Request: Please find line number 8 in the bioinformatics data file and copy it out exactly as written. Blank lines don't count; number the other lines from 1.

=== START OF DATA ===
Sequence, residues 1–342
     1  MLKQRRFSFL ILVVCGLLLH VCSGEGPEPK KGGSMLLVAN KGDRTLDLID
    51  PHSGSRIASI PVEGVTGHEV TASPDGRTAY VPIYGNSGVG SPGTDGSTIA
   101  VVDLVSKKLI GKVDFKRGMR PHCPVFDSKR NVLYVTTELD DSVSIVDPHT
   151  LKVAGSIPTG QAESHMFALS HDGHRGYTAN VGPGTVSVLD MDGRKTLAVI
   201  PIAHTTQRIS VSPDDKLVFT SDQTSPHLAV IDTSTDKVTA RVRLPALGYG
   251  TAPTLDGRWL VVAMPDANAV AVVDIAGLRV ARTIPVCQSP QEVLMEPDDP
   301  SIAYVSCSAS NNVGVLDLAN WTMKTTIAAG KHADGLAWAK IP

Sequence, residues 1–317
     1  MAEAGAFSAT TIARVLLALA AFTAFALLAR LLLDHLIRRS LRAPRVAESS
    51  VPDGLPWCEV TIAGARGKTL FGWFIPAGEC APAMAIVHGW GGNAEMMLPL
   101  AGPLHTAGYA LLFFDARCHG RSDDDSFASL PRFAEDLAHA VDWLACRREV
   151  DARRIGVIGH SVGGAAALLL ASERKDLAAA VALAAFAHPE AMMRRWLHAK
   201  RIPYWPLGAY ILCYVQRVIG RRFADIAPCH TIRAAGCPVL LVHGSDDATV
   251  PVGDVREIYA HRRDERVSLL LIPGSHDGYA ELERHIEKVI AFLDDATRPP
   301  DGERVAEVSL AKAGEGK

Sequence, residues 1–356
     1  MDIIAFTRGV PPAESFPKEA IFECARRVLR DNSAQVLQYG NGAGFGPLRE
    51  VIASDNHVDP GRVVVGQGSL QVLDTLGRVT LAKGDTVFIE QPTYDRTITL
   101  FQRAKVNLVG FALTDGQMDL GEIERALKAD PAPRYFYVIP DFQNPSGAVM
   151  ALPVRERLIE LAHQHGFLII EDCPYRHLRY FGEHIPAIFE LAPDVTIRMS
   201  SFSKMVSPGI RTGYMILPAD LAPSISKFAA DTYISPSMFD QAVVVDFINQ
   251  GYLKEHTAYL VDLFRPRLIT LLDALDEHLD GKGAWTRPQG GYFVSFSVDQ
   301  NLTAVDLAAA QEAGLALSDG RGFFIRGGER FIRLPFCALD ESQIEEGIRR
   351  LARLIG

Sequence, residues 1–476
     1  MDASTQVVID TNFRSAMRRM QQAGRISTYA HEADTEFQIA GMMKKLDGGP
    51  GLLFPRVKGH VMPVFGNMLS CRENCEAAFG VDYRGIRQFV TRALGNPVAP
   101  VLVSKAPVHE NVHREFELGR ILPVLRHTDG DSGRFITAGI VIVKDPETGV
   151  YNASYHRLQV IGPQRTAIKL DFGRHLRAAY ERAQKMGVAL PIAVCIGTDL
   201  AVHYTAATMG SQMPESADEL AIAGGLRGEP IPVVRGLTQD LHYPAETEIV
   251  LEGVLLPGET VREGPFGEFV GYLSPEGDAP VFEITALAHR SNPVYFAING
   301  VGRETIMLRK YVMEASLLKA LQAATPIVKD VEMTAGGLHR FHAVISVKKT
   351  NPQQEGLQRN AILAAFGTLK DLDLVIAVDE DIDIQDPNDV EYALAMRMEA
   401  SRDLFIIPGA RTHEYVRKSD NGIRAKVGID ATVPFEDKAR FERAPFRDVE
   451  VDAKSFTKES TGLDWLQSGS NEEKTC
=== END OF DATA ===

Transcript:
   301  SIAYVSCSAS NNVGVLDLAN WTMKTTIAAG KHADGLAWAK IP